Pyramids at Giza
Pyramids at Giza. Satellite image of the three pyramids at Giza, in northern Egypt. The pyramids are thought to have been built between 2600 and 2500 BC, as tombs and monuments for members of the ruling dynasties of ancient Egypt. The largest pyramid (lower left) was built for King Khufu, or Cheops. Its construction is thought to have taken over 20 years, and for many centuries it was the tallest building in the world. The pyramid at centre right was built for King Khafre, son of Khufu. The smallest pyramid (upper right) was built for King Menkaure. The pyramids at Giza are the only one of the Seven Wonders of the World still intact.
© SPACE IMAGING EUROPE/SCIENCE PHOTO LIBRARY
Easter Island statues
Easter Island statues. Row of megalithic moai statues on Easter Island (Rapa Nui) in the South Pacific. The statues top an ahu (burial platform) and look inland from beside the sea. This is Ahu Tongariki. These megaliths were carved from volcanic rock by the islanders from 400- 1500 AD. Around 1000 statues were carved, with about 100 of these re-erected by archaeologists. They are 3-12 metres tall and weigh up to 85 tonnes. Carving and erection ceased with the deforestation of the island, partly to provide rollers and levers to erect the statues. This led to soil erosion, starvation, civil war and the collapse of the island's culture.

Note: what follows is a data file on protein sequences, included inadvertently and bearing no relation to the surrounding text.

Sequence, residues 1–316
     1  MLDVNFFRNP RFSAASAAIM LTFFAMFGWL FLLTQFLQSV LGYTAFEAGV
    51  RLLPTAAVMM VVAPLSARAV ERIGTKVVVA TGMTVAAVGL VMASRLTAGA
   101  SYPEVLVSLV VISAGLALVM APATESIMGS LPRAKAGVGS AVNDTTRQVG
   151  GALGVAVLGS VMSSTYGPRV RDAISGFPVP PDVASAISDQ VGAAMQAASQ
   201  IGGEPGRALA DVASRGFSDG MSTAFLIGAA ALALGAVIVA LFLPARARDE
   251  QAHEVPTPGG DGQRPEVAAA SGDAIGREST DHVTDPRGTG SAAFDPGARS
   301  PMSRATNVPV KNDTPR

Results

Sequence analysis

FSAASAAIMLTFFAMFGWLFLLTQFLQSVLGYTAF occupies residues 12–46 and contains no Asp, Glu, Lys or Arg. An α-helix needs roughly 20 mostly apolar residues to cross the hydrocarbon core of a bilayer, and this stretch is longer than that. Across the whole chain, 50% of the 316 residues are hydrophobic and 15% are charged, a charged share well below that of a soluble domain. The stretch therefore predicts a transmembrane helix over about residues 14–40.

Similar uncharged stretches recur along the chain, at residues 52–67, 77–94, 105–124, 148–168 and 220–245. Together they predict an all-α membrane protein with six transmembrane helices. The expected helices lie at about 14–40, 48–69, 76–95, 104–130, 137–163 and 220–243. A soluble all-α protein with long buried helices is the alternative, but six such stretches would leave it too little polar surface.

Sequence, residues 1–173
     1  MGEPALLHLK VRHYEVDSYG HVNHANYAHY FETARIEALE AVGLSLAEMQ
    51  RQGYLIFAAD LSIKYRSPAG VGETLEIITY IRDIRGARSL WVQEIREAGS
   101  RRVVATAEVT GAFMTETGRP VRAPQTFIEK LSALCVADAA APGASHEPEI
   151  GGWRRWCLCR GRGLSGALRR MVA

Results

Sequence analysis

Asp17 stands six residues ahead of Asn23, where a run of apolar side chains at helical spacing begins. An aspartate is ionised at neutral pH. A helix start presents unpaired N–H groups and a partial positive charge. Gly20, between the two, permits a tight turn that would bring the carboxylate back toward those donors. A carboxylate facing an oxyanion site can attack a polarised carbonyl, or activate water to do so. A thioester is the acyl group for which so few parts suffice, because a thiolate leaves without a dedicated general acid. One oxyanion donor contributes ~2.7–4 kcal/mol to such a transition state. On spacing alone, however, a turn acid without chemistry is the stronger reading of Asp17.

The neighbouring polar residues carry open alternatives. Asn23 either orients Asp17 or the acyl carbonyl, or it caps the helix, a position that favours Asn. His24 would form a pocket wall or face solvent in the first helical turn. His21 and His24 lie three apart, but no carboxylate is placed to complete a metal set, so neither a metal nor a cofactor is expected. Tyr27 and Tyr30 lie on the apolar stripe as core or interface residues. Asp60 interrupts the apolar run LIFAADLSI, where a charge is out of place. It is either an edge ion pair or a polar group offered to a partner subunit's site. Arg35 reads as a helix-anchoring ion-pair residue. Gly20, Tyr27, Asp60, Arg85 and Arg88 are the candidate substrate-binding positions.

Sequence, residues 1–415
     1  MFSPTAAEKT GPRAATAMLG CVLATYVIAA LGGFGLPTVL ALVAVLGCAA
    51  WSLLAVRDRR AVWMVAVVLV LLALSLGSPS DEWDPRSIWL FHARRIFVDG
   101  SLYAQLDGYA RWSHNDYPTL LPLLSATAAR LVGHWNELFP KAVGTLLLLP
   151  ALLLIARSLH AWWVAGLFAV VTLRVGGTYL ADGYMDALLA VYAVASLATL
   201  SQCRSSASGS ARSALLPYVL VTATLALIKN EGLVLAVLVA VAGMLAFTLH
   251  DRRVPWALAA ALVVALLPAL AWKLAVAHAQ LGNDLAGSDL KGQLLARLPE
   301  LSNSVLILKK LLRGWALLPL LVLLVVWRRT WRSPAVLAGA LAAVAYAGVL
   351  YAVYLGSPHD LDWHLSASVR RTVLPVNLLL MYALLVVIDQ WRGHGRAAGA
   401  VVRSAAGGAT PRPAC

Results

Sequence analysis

© DAVID NUNUK/SCIENCE PHOTO LIBRARY
'Fountains in Philadelphia', 1874. Creator: W. Roberts
'Fountains in Philadelphia', 1874. Horse troughts and fountains in public parks and gardens in Philadelphia, Pennsylvania, USA. 'The thirsty wayfarer, whether man or beast, will find no lack of fountains whereat to quench his thirst in Philadelphia. There are scores of these grateful drinking-places on the high- and by-ways of the city and suburbs, some of them, as may be seen by the accompanying illustration, not without a picturesque or artistic beauty and fitness in their design, which does not render the water less refreshing or the pilgrim less appreciative. These street fountains are due to the humane and enlightened labors and taste of a few gentlemen, who, in 1869, formed themselves into a Fountain Society for this beneficent object, and, either through their personal and pecuniary efforts and assistance, or by the influence of their example upon others, these well-springs of wholesome refreshment have been offered to the parched throats of hundreds of thousands of their fellow-creatures'. From "Picturesque America; or, The Land We Live In, A Delineation by Pen and Pencil of the Mountains, Rivers, Lakes...with Illustrations on Steel and Wood by Eminent American Artists" Vol. II, edited by William Cullen Bryant. [D. Appleton and Company, New York, 1874]
© The Print Collector/Heritage Images